Tuesday, January 21, 2014

Joyce Alexander believes her son, William ‘Patrick’ Alexander, already convicted of cold-blooded murder, will kill her too

From:  Love Fraud 

by Donna Andersen 

Patrick Alexander on motorcycle
Patrick Alexander as a young man. The motorcycle was stolen.

William “Patrick” Alexander didn’t want to go back to prison. He was 19 years old, almost 20, and had already done two years for aggravated burglary. Patrick suspected that 17-year-old Jessica Witt, of Dallas, Texas, was going to rat him out. Or perhaps she already did.
Patrick had used a credit card stolen from Jessica’s grandfather to pay for a trip to California, in violation of his parole. He racked up $8,000 in charges.
On January 17, 1992, Patrick and one of his unsavory friends were at Jessica’s apartment. Patrick told the friend that he was going to kill Jessica—anything to avoid going back to prison. As he talked, Patrick played with a small silver handgun, jacking rounds into the chamber and taking the clip in and out. The friend was scared.
The next day, the friend heard Patrick ask another guy if he knew anyplace to kill someone and hide the body.


Murder in the countryside

Jessica Witt
Jessica Witt, right, was murdered in 1992 by Patrick Alexander
Patrick and Jessica became friendly while working together at a telemarketing company. Jessica was a pretty girl with long, dark, wavy hair. Even though she was still in high school, she’d left her parents’ home and moved into an apartment with friends.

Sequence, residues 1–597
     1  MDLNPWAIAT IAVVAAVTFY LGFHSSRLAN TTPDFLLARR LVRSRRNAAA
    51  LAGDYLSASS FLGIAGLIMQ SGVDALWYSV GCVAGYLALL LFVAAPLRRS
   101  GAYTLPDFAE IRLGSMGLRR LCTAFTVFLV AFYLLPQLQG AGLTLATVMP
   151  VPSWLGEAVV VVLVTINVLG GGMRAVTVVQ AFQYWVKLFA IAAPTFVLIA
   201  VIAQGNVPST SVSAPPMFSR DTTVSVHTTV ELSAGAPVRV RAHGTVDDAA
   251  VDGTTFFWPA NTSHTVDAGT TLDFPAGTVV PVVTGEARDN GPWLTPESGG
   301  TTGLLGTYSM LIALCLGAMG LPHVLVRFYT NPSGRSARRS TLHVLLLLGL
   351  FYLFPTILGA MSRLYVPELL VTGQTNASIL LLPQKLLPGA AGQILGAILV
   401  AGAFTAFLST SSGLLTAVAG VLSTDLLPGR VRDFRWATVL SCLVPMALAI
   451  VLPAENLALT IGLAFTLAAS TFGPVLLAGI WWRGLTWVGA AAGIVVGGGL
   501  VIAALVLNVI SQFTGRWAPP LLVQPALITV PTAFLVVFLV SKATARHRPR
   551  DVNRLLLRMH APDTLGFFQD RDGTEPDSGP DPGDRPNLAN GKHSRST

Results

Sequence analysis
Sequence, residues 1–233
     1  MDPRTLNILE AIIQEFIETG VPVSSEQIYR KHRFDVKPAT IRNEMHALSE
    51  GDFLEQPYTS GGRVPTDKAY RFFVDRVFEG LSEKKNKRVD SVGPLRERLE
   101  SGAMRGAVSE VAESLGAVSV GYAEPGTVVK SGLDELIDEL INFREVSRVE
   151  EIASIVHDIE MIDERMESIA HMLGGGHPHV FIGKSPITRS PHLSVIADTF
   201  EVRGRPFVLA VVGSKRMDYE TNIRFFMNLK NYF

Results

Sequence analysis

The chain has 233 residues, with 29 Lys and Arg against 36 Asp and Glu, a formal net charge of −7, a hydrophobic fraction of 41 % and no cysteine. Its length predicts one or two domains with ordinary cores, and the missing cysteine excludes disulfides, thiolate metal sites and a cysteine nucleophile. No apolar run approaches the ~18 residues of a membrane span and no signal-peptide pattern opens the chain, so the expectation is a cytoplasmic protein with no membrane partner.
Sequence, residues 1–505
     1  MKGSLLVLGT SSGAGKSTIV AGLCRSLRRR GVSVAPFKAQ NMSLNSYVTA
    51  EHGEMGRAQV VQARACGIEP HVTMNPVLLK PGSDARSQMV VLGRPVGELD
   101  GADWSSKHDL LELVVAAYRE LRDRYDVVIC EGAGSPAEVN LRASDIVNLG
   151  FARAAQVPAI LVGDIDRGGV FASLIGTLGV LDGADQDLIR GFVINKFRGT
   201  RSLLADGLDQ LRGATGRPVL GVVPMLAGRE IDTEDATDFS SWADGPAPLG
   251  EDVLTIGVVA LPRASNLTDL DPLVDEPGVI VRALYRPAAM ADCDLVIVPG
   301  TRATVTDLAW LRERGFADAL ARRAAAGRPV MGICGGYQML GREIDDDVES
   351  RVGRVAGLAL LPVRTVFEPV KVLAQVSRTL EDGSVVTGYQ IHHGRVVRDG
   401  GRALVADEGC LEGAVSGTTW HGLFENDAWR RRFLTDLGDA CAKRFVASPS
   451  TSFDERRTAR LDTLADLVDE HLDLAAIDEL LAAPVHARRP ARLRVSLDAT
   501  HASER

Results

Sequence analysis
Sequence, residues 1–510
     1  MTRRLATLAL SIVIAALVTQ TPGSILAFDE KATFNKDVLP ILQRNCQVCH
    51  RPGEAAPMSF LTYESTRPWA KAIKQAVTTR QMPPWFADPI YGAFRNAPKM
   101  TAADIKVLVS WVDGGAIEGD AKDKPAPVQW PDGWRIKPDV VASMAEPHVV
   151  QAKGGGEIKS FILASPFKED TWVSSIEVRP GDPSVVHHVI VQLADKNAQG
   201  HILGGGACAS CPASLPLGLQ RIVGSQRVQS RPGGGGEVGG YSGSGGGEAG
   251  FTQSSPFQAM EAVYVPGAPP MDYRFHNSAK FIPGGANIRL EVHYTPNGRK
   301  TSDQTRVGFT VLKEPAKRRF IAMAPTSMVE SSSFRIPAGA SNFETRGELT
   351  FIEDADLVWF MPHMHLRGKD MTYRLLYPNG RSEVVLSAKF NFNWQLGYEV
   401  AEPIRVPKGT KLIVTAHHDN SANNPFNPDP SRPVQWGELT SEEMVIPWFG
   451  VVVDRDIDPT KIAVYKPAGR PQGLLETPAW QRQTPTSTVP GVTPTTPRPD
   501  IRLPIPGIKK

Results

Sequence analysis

At 10:30 p.m. on January 20, 1992, Patrick and Jessica left her apartment. According to Jessica’s female roommate, Patrick told Jessica that a guy in Fort Worth, Texas, about 35 miles away, was going to give him money so he could pay off her grandfather’s credit card.
 
Four hours later, Patrick returned to the apartment alone.
“Where’s Jessica?” the roommate asked.
“I killed her,” Patrick replied.
He gave the roommate Jessica’s purse and jewelry. He said he did not bring back Jessica’s leather coat because it had too much blood on it.
Patrick told the roommate that he and Jessica had driven to an area out in the country where people ride four-wheelers. Patrick and Jessica left his pickup truck on the road and walked towards an old house.
Jessica was walking in front of Patrick. He called her name, and when Jessica turned around, Patrick shot her twice in the head.
Patrick dragged the girl’s body to a mud hole and covered it with dirt, grass and branches.
Back at the apartment, Patrick sat in the kitchen as he talked and wouldn’t let the roommate leave the room. He showed the girl his .25 caliber pistol, with two bullets missing. She was terrified, believing she was next to die.